________________ CM . . . . Volume XIV Number 22 . . . . June 27, 2008

cover

The Woman Who Married a Bear.

Elizabeth James, reteller. Illustrated by Atanas.
Vancouver, BC: Simply Read Books, 2008.
40 pp., hardcover, $18.95.
ISBN 978-1-894965-49-1.

Subject Headings:
Indians of North America-British Columbia-Pacific Coast-Folklore-Juvenile literature.
Folklore-British Columbia-Pacific Coast-Juvenile literature.
Bears-Folklore-Juvenile literature.

Grades 1-3 / Ages 6-8.

Review by Margaret Snow.

**** /4

excerpt:

As she entered the alpine meadow - spluck - the girl stepped into a big pile of bear dung."Yuck!" she cried. "Bears! Ugly, filthy bears!"

"Shh!" hushed one of her friends. "This is fresh. The bears are nearby. They might hear you."

"Don't be foolish," replied the girl. "Bears are just dumb animals."

 

The Woman Who Married a Bear is a retold native legend about an adolescent native girl who goes picking blackberries with her friends. She is quite vocal in being critical of bears, and her friends chastise her for this. They stay a little too long, and on their way home the girl's basket spills. Ignoring her friends' pleas to just leave the berries, she sends them ahead while she remains to gather the fruits of her labour. Dusk falls upon her sooner than expected. She is startled by a young native male who insists she spend the night at his village. Upon arrival, she learns that this is the village of the bear people who have specifically sought her out for belittling the bear and they intend to punish her so that she might learn reverence and respect for the creatures. The Chief's nephew, who had been the one to escort her back to the village, intervenes with a request to marry the girl. The chief hesitantly accepts this proposal. The girl is terrified by this change of plans but finally gives in to the situation. Later in the year, she becomes pregnant and dreads the idea of having bear children. The plot thickens when the girl's brothers track their sister and, to avoid a fatal conflict between the two groups, she must flee with her husband into the caves in the snow covered mountains. While in hiding, she delivers twin offspring with human faces and bear bodies but falls in love with them at first sight. Her brothers have not given up their quest to find her. As they approach the cave, she has a choice to make - join her brothers or stay with her family. Her husband makes the choice for her, resulting in his demise. She and her children may now go back to her village where she recognizes the error in her ways and ultimately teaches her people to revere and respect bears. A surprise conclusion achieves the goal of this legend - to teach the value of living in harmony with nature.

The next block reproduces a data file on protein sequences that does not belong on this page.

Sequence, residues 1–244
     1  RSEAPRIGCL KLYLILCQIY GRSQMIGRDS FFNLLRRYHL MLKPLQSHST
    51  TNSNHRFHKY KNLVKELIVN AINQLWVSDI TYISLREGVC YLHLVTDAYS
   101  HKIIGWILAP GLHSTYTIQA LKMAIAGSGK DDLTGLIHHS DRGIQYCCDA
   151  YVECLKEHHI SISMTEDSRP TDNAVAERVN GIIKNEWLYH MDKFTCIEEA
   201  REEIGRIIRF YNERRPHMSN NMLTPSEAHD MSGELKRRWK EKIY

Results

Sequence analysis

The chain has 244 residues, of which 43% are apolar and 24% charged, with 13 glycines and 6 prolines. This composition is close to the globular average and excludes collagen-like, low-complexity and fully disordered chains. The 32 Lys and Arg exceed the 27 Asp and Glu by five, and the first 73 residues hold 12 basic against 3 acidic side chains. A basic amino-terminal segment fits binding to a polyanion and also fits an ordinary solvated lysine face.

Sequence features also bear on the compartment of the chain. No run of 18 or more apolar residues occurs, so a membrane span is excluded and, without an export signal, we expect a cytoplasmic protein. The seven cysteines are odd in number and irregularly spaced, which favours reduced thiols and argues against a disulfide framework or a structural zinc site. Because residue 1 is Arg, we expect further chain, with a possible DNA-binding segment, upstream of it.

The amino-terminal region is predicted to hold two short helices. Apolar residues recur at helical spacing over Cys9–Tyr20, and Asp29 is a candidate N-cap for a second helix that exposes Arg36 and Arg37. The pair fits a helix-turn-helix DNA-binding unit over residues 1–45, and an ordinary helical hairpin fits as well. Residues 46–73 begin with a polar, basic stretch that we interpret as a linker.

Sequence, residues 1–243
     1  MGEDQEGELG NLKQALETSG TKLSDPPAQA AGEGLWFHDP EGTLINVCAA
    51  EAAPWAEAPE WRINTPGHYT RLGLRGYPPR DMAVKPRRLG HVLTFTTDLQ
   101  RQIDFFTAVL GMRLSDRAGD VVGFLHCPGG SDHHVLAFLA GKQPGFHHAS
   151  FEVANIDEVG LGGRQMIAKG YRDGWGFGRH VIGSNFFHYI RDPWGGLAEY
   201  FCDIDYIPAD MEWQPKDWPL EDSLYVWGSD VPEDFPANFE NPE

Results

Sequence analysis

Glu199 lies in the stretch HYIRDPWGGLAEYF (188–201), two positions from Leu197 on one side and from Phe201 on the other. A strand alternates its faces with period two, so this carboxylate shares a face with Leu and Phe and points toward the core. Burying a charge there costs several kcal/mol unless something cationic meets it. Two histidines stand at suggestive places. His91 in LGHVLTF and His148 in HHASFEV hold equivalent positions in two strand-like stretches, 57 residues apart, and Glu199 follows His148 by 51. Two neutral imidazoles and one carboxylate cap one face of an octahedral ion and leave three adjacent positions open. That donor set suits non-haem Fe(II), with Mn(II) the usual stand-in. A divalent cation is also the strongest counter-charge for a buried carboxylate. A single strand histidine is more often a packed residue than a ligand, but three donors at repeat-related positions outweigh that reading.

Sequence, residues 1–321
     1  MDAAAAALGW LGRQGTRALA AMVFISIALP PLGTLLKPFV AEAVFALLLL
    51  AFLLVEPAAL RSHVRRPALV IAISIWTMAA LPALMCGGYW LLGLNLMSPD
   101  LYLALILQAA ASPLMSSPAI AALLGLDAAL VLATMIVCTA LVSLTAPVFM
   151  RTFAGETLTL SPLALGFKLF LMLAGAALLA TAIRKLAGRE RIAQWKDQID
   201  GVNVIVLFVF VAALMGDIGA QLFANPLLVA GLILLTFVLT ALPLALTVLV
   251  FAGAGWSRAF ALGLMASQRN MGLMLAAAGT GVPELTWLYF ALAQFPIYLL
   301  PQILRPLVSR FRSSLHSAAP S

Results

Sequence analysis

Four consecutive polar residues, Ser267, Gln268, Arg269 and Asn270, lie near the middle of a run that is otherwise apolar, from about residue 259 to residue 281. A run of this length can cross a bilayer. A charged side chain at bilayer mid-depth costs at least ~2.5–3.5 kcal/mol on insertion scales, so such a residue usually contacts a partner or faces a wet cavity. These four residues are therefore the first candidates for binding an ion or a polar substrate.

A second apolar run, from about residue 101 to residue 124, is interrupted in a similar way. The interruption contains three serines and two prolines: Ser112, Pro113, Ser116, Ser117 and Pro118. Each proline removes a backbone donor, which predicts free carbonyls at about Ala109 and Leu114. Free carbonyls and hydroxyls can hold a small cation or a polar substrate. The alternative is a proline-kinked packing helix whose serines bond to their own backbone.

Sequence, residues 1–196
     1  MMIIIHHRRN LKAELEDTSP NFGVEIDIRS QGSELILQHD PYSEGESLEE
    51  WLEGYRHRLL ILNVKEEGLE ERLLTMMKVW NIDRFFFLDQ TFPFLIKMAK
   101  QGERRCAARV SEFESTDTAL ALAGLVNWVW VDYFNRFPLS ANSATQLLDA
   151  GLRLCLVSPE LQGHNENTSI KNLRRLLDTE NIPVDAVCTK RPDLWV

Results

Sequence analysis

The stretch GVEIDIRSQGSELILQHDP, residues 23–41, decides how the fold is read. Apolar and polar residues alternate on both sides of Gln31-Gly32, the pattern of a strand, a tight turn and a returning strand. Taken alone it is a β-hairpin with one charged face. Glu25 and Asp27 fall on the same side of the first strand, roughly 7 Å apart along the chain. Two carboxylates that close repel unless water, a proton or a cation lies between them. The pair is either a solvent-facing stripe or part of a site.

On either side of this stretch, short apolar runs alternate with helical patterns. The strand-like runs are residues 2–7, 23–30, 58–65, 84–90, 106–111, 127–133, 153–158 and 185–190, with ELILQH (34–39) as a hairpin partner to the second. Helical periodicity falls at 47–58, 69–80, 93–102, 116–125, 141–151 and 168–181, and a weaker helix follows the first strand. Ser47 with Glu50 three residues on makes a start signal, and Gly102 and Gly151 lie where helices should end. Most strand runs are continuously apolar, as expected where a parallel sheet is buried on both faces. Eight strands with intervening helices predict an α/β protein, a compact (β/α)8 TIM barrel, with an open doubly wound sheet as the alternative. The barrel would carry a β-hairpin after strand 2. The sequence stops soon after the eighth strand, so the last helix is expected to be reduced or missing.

internal art